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  • Writer's pictureGabe Powers

Killer Klowns from Outer Space Blu-ray Review (originally published 2018)

When Mike and his girlfriend Debbie warn the local police that a gang of homicidal alien-clowns have landed in the nearby area (in a spaceship shaped like a circus big-top, no less), the cops are naturally skeptical. Before long, however, reports are coming in from other anxious residents detailing similar run-ins with the large-shoed assailants. There can no longer be any doubt – the Killer Klowns from Outer Space are here and they’re out to turn the Earth’s population into candy floss! (From Arrow’s official synopsis)

If your movie/TV show is in desperate need of practical effects, stop-motion animation, and/or unusual props – all with a quirky edge and real personality – you might want to contact the Chiodo Brothers. Otherwise known as Stephen, Charles, and Edward, the Chiodos began their lucrative and specialized career in the early ‘80s and remain among the most sought-after people in their field, even in the age of CG dominance. At the height of their power, the Chiodos combined their efforts to write and direct a low-budget horror/comedy that would utilize all of their talents and the title, Killer Klowns from Outer Space (1988), told fans everything they needed to know about the film. It is exactly what you think it is, nothing more, nothing less.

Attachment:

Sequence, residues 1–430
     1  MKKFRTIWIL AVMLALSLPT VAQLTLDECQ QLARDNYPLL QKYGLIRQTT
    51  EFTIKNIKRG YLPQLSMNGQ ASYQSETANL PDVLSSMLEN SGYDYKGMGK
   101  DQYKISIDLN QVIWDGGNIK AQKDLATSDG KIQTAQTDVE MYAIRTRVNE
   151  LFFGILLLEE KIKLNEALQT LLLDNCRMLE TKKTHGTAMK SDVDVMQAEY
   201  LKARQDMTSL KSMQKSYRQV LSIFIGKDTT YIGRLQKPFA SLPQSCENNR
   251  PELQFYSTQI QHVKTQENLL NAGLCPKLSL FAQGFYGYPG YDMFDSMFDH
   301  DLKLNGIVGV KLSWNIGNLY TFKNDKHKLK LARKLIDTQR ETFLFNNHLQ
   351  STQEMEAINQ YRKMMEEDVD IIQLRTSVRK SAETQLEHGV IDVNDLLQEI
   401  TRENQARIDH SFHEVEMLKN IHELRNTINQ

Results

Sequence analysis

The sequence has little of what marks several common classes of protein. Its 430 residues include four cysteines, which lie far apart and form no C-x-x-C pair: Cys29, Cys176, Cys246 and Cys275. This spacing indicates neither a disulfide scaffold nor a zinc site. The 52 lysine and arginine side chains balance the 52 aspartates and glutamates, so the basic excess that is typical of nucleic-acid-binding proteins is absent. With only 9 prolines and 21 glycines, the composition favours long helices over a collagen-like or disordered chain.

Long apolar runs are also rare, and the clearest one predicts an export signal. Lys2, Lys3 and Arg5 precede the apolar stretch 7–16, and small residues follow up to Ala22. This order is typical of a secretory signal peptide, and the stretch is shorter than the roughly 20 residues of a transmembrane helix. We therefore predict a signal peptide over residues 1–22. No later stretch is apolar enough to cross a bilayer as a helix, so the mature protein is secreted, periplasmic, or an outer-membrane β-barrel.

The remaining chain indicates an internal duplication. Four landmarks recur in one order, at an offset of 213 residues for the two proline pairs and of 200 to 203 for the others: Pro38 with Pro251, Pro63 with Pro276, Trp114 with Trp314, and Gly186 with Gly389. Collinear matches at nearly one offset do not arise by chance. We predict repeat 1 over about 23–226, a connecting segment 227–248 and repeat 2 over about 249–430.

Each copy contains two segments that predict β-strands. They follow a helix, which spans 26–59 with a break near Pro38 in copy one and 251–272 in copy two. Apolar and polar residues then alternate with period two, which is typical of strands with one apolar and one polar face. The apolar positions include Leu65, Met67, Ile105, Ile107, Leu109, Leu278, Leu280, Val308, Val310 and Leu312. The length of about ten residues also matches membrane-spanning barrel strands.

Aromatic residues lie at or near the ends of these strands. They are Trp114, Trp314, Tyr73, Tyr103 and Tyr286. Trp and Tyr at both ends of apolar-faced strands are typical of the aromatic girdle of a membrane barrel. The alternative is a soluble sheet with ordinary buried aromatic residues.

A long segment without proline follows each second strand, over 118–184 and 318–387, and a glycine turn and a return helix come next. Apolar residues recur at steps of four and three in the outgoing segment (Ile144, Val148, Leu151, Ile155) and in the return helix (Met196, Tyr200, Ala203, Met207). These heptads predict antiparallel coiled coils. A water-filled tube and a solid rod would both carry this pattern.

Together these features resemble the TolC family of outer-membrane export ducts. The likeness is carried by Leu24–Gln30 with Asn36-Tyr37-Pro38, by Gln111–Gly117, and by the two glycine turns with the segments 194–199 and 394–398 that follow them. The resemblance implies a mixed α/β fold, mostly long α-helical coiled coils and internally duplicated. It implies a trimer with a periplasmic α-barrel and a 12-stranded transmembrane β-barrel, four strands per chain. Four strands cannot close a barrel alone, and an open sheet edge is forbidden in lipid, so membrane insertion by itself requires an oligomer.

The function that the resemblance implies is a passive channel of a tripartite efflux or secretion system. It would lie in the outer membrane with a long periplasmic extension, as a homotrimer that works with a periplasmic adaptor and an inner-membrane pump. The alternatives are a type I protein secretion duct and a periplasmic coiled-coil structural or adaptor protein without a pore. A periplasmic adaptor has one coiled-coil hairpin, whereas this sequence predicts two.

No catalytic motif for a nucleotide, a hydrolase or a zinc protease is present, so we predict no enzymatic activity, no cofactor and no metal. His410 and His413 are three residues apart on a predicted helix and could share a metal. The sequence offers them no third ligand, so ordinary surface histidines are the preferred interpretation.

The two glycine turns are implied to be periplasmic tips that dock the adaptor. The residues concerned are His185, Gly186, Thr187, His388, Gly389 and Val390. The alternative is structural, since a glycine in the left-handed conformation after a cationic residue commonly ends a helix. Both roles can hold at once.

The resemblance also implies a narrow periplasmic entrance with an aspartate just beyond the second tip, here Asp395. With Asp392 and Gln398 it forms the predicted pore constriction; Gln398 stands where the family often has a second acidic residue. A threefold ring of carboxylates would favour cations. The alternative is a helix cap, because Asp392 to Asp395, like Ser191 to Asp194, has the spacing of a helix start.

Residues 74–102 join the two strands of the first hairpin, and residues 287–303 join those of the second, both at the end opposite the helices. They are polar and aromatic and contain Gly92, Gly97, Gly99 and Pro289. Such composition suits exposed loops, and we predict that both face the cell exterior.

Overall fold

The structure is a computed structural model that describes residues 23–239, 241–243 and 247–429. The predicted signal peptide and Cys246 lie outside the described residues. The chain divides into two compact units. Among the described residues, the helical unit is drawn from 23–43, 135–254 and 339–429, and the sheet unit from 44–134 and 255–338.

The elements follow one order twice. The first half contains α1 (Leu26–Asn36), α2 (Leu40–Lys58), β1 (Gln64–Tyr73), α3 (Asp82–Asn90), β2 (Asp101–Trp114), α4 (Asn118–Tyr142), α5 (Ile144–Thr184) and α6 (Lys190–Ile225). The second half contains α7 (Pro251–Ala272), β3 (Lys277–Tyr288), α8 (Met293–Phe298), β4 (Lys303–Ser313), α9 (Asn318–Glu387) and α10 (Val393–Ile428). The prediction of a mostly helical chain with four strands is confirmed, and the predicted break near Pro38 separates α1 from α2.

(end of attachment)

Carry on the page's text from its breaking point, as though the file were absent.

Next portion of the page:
Equal parts ‘50s throwback, ‘80s satire, and effects demo-reel, Killer Klowns from Outer Space was destined for a cult following and is well-made enough to earn that status. Really, the craft on display is the key component, making the demo-reel aspects both the best and worst things about the movie. The title creatures and their over-the-top, murderous antics are about as close as practical, (mostly) in-camera effects have ever gotten to re-creating the visual tones of animation. The spaceage circus set design is one-of-a-kind and matches the production values of vastly more expensive movies from the era. It’s almost impossible not to admire the Chiodos’ ambition. On the other hand, all of their innovative efforts seem to have been invested in these effects, costumes, and art direction. As a sci-fi/horror movie, Killer Klowns from Outer Space is so dependent on replaying established genre cliches that there’s no room for creativity or surprises – the story and character just exist to get us from one klown-themed gag to the next. Had it worked entirely as comedy, this lack of uniqueness wouldn’t have really mattered. Unfortunately, the Chiodos’ sense of humour is a bit stiff and their version of camp is muddled by awkward pacing and bland performances. The puns and one-liners simply aren’t funny enough to carry the glacial set-ups and every moment away from the klowns becomes a feat of endurance. Perhaps if a bit more emphasis had been put on being scary (or maybe even gory?), rather than silly, the audience could be put more off-guard and jokes could’ve landed better. It’s perfectly fine for a movie called Killer Klowns from Outer Space to be dumb, but it’s inexcusable for it to be so dull when klowns aren’t on screen.